NBC continues to be a source of frustration of General Electric stockholders. In an SEC filing, GE said Thursday that net income rose in the first quarter for nearly all of its units, save NBC. Falling ratings for NBC's primetime lineup, plus costs involved in its Winter Olympics coverage, GE said, dragged down NBC Universal's first-quarter profit 8 percent from the same quarter a year ago, despite a 24-percent surge in overall revenue, largely the results of ad sales for the Winter Olympics. The network said that while the Turin Games generated about $70 million in red ink, it expected to wind up ahead once it collects nonrefundable contributions from its affiliates.
TIVO WINS LAWSUIT AGAINST ECHOSTAR
Shares in TiVo, the digital video recorder maker, leaped 20 percent to $9.65 Thursday after a federal-court jury in Texas found that EchoStar Communications, which operates the DISH satellite TV service, infringed on TiVo's patents when it began producing DVRs of its own. The jury awarded TiVo $73 million -- a figure that could be tripled by the judge hearing the case. EchoStar later expressed confidence that the verdict will eventually be reversed.
WHO'S LEAKING CONFIDENTIAL BBC INFO TO LONDON TABLOID?
The BBC is looking into an apparent leak of confidential information about the salaries of top radio and TV newscasters and actors to the tabloid The Sun. Among other salary disclosures, The Sun reported Thursday that one radio show host, Chris Moyles, earns $1.1 million a year. Last month the tabloid disclosed salaries for members of the cast of the popular TV soap opera EastEnders. Reporting on the matter, today's (Friday) London Independent observed that the salary revelations have "led to speculation that a disgruntled BBC employee with access to a computer database containing salary information has been leaking it to the press."
HOW CLOSE WERE GREY, OVITZ TO PELLICANO?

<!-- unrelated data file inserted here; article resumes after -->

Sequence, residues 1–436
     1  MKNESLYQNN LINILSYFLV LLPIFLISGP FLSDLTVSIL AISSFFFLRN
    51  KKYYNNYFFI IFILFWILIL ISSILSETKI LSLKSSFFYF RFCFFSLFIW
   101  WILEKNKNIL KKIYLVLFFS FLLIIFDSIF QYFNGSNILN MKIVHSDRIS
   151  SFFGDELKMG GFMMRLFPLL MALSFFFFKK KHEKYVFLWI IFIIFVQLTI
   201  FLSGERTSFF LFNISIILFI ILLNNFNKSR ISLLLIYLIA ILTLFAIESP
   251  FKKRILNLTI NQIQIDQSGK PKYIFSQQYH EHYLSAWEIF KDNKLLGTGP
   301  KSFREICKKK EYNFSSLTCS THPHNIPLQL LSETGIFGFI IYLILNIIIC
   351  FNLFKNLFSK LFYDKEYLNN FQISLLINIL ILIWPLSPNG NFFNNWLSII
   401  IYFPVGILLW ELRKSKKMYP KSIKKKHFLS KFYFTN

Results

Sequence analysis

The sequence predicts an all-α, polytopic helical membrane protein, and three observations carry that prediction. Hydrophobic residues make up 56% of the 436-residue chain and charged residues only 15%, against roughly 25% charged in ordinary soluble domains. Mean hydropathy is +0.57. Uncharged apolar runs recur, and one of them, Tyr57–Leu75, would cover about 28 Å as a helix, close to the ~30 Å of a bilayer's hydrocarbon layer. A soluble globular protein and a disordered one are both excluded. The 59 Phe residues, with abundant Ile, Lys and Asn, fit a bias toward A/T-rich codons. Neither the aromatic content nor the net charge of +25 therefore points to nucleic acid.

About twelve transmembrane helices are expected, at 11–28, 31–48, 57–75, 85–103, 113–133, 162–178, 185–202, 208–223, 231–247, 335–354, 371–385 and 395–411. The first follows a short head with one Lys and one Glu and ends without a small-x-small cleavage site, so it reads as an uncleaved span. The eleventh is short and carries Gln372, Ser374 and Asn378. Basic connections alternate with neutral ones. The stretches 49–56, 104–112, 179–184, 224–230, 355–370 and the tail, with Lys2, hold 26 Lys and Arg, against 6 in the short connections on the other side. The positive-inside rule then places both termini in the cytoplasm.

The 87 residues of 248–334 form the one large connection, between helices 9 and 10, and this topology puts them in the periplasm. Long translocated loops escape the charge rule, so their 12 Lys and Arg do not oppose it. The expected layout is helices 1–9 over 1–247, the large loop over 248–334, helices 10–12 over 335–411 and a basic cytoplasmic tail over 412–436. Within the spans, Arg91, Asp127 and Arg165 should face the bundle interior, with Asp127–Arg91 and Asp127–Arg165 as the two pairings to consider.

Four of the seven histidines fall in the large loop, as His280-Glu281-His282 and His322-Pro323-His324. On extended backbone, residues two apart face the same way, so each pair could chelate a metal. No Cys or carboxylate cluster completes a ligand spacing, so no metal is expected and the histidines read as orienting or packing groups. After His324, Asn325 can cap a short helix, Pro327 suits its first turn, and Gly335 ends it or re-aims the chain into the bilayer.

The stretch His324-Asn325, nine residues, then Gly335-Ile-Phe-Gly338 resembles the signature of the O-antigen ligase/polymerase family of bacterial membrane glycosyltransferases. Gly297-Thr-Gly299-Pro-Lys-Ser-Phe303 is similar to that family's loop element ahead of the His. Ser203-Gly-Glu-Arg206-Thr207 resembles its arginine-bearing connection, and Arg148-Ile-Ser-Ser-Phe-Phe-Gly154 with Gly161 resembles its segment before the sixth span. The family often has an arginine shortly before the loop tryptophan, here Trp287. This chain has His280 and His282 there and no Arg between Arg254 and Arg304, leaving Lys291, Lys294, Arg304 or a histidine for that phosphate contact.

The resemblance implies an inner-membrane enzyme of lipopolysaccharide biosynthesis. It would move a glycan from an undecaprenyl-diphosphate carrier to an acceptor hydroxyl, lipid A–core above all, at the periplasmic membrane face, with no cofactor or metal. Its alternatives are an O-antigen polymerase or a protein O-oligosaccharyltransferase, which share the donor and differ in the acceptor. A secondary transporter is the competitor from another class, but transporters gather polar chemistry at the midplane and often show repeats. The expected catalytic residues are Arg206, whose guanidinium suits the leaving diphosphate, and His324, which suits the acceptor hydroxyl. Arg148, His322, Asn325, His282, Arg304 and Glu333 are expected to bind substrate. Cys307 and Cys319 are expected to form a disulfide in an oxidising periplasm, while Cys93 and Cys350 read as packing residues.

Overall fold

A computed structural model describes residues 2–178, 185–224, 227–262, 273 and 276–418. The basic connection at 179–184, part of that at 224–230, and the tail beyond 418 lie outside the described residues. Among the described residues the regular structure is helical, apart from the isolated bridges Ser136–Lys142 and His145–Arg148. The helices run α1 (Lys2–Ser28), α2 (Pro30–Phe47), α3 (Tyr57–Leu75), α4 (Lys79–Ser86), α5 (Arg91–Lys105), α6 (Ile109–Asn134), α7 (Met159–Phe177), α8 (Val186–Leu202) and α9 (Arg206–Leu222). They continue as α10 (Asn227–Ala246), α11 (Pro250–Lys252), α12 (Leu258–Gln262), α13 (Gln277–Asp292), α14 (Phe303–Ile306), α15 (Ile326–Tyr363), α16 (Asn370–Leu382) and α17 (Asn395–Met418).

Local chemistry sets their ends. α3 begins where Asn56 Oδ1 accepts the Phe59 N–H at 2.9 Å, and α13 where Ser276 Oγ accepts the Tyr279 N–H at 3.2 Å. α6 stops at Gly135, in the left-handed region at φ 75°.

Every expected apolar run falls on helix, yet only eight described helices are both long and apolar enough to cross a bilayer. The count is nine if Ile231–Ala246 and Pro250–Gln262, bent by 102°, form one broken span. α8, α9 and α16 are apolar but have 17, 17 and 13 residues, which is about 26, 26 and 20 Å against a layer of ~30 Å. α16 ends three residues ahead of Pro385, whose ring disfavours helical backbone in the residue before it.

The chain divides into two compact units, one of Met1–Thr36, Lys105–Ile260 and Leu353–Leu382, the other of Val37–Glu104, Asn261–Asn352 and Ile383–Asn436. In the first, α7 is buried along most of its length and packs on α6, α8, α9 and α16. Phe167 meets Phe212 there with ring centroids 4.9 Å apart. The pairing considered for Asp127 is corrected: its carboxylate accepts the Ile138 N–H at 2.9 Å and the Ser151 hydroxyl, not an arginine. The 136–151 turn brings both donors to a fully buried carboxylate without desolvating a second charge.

In a front-page article, the New York Times reported today (Friday) that contacts between private detective Anthony Pellicano on the one hand and Paramount chief Brad Grey and former superagent Michael Ovitz on the other were more extensive than they had previously acknowledged. The newspaper, citing raw FBI records, indicated that Grey, who previously had said that he was only "casually acquainted" with Pellicano, had numerous meetings with him, including several about a projected TV series about a private detective that Pellicano had come up with. According to the government documents, the Times said, Ovitz acknowledged that in 2002 he had hired Pellicano to see if he could discover "embarrassing information" about 15-20 people who were "coming after" him as he was attempting to sell Artists Management, a company that he founded after he was forced to step down as President of the Walt Disney Co. Both Grey and Ovitz have maintained that they had no knowledge of Pellicano's alleged wiretapping activities on their behalf. A lawyer for Ovitz told the Times that if Pellicano "used illegal means to get information that he thought would impress Mr. Ovitz, that was not done with Mr. Ovitz's knowledge and consent."
ELTON JOHN JUMPING FROM ONE DISNEY UNIT TO ANOTHER